# How to Find the Shape of a Nested List or Tuple in Python

Finding the shape of a nested list or tuple is much more complicated than finding the shape of a single element because each element in a list of lists or tuple of tuples can have a different dimension. Unlike NumPy arrays, lists and tuples aren’t required to have a set number of rows or columns.

To find the shape (or dimensions) of a nested list or tuple in Python, iterate over each element in the list or tuple and identify its length with the built-in `len()` function. This can become very complicated if the list or tuple has more than two dimensions. An example of how to identify the number of dimensions in a Python list or tuple, and the maximum size of each dimension is included below.

## Create an Example List

Let’s start by creating a messy example list to work with. This list will have elements that contain integers, lists, and lists of lists. If this were a NumPy array it would be a 3-dimensional array. In other words (maybe more complicated words), the list contains a list, which contains another list.

`list1 = [[1, 2, 3], [1, 2], [[2, 3, 4], [1, 3], 1], 9, [1, 2, 3]]`

## Keep Track of Dimensions

The trick with a list is that there’s no way to tell how many dimensions the list has without iterating through all the elements. That’s what we’re going to do here. As we iterate through the list we want to keep track of how many dimensions there are and the maximum size, or length, of each dimension. Let’s create a `dims` variable, and empty list, to keep track of the maximum length of each dimension. At then end of our script the length of `dims` will tell us the number of dimensions and the values in `dims` will tell us the maximum size of each dimension. It will be similar to a NumPy shape tuple, but for lists and tuples.

`dims = []`

Now we need a way to update `dims` when a new dimension is found, or a new maximum value for the length of an existing dimension is observed. To do this we’ll write a function that takes `dims` as an input, alters it (or not) according to other arguments, and then returns the updated dimension list.

The input arguments will be `dims`, the index to update or add, and the value to update or add. We want to add a dimension if we observe a list within a list and we want to update a value in `dims` if the length of a nested array is greater than the length of another nested array in the same dimension. I’m sure that’s a little confusing. Look at the code below to see how the function works. Then as we apply it in the next section it should start to make some more sense.

```def set_dimension(dims, index, value):
if len(dims) > index:
if dims[index] < value:
dims[index] = value
else:
dims.append(value)
return dims```

## Find the Dimensions of a Nested List or Tuple

The first step is to set the first dimension of our list (`list1`). This is the easy part. The size of the first dimension is simply the number of elements in `list1`. For consistency, use `set_dimensions` to perform the update with the `index` argument set to 0.

`set_dimension(dims, 0, len(list1))`

To check your work print `dims`. Your output should match the output below.

```Output:
[5]```

There are 5 elements in `list1`. However, we cannot know what those elements are without iterating through each one. That’s what we’ll do now. Iterate through all the list elements with a nested loop. Within each loop check to see if an element is a `list`. If it is, use `set_dimension` to add a new dimension if it hasn’t been updated already or to update the size of the dimension. As stated, the example list only contains three dimensions. I’ve added a `print` statement in the third loop to indicate if a fourth dimension exists in the list so you can extend the functionality for other applications.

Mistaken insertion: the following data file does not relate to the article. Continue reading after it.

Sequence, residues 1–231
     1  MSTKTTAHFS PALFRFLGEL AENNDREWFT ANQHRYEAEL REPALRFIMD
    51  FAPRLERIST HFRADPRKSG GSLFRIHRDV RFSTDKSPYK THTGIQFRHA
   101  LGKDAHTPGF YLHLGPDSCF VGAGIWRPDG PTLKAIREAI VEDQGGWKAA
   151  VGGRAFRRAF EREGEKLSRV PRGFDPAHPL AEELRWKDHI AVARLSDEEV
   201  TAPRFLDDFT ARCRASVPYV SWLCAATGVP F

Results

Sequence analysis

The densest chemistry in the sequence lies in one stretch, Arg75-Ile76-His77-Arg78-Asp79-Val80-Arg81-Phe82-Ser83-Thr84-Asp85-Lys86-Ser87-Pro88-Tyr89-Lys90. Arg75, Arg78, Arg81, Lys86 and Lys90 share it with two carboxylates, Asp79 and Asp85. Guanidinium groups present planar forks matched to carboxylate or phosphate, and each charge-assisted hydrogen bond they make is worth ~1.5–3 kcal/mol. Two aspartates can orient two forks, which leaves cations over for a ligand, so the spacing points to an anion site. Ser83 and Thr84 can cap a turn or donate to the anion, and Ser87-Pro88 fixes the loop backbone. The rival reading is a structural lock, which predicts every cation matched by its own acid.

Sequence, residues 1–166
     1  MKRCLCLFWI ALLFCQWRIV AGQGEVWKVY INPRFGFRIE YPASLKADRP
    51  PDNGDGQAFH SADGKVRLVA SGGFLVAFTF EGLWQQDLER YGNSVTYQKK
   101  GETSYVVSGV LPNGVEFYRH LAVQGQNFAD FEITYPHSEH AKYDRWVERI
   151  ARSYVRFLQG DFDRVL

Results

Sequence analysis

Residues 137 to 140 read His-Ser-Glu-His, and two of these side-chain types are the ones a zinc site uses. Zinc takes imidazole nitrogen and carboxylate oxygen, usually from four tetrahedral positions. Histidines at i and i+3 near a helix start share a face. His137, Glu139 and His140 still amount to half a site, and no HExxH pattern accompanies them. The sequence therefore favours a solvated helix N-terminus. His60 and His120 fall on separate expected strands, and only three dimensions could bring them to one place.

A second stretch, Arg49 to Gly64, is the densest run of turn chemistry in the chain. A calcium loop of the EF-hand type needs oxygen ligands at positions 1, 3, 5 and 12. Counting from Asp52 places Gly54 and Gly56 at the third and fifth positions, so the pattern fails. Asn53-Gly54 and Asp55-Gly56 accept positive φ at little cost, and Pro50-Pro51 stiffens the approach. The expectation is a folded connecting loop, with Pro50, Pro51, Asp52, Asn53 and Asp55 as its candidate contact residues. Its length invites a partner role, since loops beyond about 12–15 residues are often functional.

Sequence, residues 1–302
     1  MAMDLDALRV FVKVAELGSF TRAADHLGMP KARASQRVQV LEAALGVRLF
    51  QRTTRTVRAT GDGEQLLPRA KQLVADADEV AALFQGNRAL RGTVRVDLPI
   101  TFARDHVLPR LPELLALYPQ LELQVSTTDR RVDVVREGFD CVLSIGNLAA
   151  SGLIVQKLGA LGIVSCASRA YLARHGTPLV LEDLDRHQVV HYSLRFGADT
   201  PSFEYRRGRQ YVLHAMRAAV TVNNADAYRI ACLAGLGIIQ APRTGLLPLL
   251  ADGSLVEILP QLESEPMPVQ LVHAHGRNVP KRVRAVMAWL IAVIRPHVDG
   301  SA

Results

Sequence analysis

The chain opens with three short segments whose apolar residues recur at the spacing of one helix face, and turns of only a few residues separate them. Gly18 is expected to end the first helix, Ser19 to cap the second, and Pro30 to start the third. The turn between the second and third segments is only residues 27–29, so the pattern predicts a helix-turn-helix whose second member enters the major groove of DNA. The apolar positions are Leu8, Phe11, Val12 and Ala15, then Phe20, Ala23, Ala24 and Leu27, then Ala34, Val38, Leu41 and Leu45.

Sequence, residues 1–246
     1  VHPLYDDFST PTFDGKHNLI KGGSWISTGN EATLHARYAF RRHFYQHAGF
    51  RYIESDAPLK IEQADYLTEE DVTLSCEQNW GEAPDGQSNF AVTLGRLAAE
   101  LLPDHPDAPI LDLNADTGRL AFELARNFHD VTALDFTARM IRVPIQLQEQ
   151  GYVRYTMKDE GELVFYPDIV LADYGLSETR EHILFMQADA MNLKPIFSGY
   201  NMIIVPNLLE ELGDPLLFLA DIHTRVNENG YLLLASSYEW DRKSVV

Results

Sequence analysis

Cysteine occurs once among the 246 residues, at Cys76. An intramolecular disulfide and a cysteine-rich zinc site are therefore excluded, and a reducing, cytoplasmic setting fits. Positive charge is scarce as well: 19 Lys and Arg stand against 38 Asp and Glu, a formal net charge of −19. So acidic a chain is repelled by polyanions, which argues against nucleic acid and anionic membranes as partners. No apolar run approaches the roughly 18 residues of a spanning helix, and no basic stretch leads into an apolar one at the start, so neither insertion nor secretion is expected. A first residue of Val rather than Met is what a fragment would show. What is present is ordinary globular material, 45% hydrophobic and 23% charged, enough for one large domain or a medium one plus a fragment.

```for i in range(len(list1)):
if isinstance(list1[i], list):
dims = set_dimension(dims, 1, len(list1[i]))
for j in range(len(list1[i])):
if isinstance(list1[i][j], list):
dims = set_dimension(dims, 2, len(list1[i][j]))
for k in range(len(list1[i][j])):
if isinstance(list1[i][j][k], list):
dims = set_dimension(dims, 3, len(list1[i][j][k]))
print('four dimensions')```

The number of dimensions will be represented by the length of `dims` and maximum size of each dimension by `dims`, as shown below. The list, `list1`, has 3 dimensions with a maximum shape of 5, 3, 3, for each respective dimension.

```print('number of dimensions', len(dims))
print('maximum shape', dims)```
```Output:
number of dimensions 3
maximum shape [5, 3, 3]```

It’s possible that there’s a more elegant way to do this. Still, I think this example does a good job of illustrating the complexities of Python list and tuple shapes.

## Full Script

```def set_dimension(dims, index, value):
if len(dims) > index:
if dims[index] < value:
dims[index] = value
else:
dims.append(value)
return dims

list1 = [[1, 2, 3], [1, 2], [[2, 3, 4], [1, 3], 1], 9, [1, 2, 3]]

dims = []
set_dimension(dims, 0, len(list1))
print(dims)

for i in range(len(list1)):
if isinstance(list1[i], list):
dims = set_dimension(dims, 1, len(list1[i]))
for j in range(len(list1[i])):
if isinstance(list1[i][j], list):
dims = set_dimension(dims, 2, len(list1[i][j]))
for k in range(len(list1[i][j])):
if isinstance(list1[i][j][k], list):
dims = set_dimension(dims, 3, len(list1[i][j][k]))
print('four dimensions')
print('number of dimensions', len(dims))
print('maximum shape', dims)```

## Conclusion

As you now know, nested lists and tuples can be quite complex because they contain few structural regulations. This is the reason that other Python data structures, like dictionaries, data frames, and arrays exist. If you need to find the dimensions and shapes of complex lists and tuples, this tutorial has demonstrated how you can do that. However, if you can use another data structure instead of a nested array your life, and code, will probably be much simpler.